2. In the current conditions we live in it added some depth at a single community's level to me on why some of the black community does not trust the police. Everything from police involvement in the KKK, to allowing mobs come in and take away prisoners later to be lynched and the example of Clyde Kennard above. This isn't to mention the virtual impossibility of a black resident being able to bring a crime against a white resident and actually gain a conviction out of it.
3. The amount of patience by the black community to slowly advance is amazing to me. At times it felt like the conditions were getting worse, but also that each generation made their three steps forward and one step back. This isa song and dance I think we continue to see today.
4. Many of the early industry barons in the town dependent heavily on both black and white labor. Of course, white labor was paid more, given less dangerous jobs and had the opportunity for advancement. Despite all of this, many of the black population scraped together enough funds to have somewhere to live, a place to eat and send their kids to schools for at least a while. Their American dream was giving their children better opportunities and experiences than their generation. Something I think we can all sympathize with.
5. This gave me a lot of perspective: the good, bad and ugly of a town where I spent a year of my life and walked many of the streets mentioned in the book. It should be mandatory reading for every resident and student to better grasp the roots of the place where they live.
My minor degree from Penn State was in Movement Sciences, which is a fancy way of just saying Sports Science. Specifically, I studied biomechanics of human movement and even found a graduate level class in it at Southern Miss. When I heard about David Epstein's "The Sports Gene" I had to find it and read it. It didn't disappoint.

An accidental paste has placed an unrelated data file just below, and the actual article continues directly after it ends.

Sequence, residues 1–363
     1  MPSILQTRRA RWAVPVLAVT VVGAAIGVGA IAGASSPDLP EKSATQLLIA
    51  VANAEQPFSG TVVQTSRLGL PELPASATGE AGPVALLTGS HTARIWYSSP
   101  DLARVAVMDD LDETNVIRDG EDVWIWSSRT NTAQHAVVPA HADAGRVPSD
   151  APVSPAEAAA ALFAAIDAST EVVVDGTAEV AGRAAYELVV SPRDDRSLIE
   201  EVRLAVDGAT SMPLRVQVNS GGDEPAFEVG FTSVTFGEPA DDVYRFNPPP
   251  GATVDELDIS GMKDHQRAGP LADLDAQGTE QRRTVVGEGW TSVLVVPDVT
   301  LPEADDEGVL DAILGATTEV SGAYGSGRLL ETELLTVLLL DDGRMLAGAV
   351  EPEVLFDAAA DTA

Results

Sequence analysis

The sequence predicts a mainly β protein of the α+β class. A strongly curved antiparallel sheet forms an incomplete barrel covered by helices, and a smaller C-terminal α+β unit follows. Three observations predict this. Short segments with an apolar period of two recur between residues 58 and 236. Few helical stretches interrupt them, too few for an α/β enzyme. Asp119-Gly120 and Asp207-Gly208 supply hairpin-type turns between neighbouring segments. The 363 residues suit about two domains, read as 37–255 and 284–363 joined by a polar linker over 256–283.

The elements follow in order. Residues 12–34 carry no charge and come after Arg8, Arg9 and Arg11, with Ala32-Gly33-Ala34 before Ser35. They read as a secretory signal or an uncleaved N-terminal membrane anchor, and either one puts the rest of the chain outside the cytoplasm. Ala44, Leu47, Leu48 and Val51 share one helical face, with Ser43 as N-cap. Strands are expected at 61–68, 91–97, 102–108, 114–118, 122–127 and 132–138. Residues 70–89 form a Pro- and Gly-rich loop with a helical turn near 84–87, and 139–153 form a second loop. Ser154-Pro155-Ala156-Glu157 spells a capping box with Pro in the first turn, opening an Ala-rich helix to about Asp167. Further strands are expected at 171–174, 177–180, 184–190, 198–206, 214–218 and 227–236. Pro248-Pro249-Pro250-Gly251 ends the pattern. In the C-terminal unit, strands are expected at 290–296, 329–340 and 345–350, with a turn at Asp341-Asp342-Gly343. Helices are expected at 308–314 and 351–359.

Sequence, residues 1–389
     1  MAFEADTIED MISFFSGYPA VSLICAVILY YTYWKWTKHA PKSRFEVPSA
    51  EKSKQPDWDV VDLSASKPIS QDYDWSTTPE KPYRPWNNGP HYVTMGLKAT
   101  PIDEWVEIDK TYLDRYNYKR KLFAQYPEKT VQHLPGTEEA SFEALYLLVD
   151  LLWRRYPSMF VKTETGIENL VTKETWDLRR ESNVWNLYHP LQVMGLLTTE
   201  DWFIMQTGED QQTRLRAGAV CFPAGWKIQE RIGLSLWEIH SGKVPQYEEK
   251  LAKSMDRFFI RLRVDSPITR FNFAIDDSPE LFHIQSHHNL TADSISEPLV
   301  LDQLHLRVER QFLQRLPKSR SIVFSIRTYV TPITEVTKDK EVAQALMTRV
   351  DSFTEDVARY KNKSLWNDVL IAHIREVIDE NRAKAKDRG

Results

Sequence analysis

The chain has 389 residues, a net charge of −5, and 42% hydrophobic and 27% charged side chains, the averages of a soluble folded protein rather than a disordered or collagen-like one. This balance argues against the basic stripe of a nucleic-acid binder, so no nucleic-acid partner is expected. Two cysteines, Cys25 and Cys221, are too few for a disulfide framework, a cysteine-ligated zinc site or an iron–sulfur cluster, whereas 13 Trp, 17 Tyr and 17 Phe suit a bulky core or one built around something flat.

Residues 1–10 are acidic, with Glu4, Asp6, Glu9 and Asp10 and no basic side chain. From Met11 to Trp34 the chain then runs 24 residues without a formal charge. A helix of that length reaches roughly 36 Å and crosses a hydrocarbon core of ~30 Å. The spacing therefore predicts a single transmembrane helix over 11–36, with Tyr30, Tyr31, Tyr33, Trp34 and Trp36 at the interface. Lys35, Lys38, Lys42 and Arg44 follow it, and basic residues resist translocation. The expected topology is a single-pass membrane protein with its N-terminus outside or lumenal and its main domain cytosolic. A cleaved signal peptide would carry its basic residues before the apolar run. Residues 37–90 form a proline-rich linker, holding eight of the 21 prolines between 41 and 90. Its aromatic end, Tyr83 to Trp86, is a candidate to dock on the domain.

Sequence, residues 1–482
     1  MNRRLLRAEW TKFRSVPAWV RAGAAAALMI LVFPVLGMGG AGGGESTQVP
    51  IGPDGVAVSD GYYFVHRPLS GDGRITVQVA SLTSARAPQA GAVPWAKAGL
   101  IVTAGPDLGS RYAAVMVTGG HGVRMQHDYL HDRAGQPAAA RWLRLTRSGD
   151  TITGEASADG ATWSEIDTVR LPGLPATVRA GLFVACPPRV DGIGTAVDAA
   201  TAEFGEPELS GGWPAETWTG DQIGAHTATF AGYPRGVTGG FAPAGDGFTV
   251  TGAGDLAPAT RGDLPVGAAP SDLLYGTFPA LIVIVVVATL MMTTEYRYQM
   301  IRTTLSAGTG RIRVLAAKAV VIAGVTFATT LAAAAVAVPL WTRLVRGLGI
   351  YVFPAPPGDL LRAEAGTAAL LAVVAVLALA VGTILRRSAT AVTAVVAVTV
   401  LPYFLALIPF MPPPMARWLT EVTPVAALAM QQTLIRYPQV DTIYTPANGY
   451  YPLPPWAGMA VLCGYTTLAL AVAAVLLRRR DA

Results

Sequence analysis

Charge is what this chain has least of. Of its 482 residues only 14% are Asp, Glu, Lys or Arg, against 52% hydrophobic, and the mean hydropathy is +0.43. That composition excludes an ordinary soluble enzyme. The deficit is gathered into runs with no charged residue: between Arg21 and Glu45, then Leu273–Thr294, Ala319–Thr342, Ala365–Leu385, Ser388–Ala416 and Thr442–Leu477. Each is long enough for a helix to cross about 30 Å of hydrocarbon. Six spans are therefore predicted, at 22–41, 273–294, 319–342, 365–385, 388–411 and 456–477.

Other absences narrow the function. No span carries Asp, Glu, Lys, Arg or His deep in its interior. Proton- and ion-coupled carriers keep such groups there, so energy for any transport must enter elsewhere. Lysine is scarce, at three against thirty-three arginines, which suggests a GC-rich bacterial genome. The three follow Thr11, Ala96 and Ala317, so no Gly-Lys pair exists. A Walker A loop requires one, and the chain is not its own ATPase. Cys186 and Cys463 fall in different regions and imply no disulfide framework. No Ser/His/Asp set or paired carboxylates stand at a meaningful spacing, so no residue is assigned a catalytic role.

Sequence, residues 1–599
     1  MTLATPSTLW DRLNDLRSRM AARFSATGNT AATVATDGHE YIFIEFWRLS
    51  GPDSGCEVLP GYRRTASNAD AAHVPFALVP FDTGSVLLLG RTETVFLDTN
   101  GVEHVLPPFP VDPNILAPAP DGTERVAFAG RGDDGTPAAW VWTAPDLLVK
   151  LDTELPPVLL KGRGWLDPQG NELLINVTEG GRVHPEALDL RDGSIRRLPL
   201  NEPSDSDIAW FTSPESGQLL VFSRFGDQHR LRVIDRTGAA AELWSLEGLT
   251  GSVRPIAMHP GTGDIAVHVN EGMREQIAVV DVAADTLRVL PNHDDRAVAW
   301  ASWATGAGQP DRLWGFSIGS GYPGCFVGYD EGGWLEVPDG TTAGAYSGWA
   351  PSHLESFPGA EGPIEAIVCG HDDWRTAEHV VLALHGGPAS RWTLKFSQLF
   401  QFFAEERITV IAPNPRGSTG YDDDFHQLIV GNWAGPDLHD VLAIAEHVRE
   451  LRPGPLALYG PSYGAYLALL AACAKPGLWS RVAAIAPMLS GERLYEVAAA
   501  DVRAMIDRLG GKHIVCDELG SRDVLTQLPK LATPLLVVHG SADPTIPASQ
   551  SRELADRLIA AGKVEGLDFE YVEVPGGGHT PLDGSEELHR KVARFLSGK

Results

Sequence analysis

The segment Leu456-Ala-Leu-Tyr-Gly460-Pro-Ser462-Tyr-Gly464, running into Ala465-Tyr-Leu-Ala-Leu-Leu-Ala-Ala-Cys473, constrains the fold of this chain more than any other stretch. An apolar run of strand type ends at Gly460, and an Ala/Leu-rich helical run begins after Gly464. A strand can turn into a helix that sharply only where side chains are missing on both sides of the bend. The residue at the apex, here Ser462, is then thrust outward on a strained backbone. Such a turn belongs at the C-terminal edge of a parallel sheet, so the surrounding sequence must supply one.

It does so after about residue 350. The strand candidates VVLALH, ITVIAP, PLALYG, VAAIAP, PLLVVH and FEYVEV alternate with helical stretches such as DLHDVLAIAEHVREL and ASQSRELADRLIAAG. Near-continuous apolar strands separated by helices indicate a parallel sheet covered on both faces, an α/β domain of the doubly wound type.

The book focuses on several regions around the world including Jamaican sprinters, Kenyan long-distance runners, why people near the equator have longer limbs and much more. I was hoping to find out if athleticism was more about nature or nurture, meaning are great athletes born or were they made through lots and lots of practice? The short story is they are typically born that way, but to become elite practice also plays a big role.
The book kind of gets in the weeds a bit about genetics and DNA composition, so you should be prepared and interested in that topic. However, the bulk of the book spends more time in individual cases from around the world who were world class athletes.
What I Learned?
1. As stated above the fact that people tend to need both nature and nurture in their court to be elite world-class athletes. What you're born with only takes you so far, so adding technique and practice can put you over the edge.
2. The most fascinating example in the book for me was the long distance runners. It helped to be born and raised in the mountains where air is thinner.The residents tend to adapt to this altitude and can exercise regularly in it. An added bonus was being a thin, long-limbed and springy physical build living in this altitude. This combination along with generations of breeding have made particularly one tribe of Kenyans incredible endurance athletes.
3. Many collegiate programs are already doing this, but it is important to think about the traits you want in your sports' athletes. If you're a basketball coach recruiting for length, should you concentrate your efforts on players with family origins near the equator where limbs tend to be slightly longer?
About the Author
Andy Rupert is a Penn State (B.A. John Curley Center for Sports Journalism 08') and a Southern Miss (M.S. Sport Management 09'). He has spent his whole career working in sports and tourism digital marketing and metrics.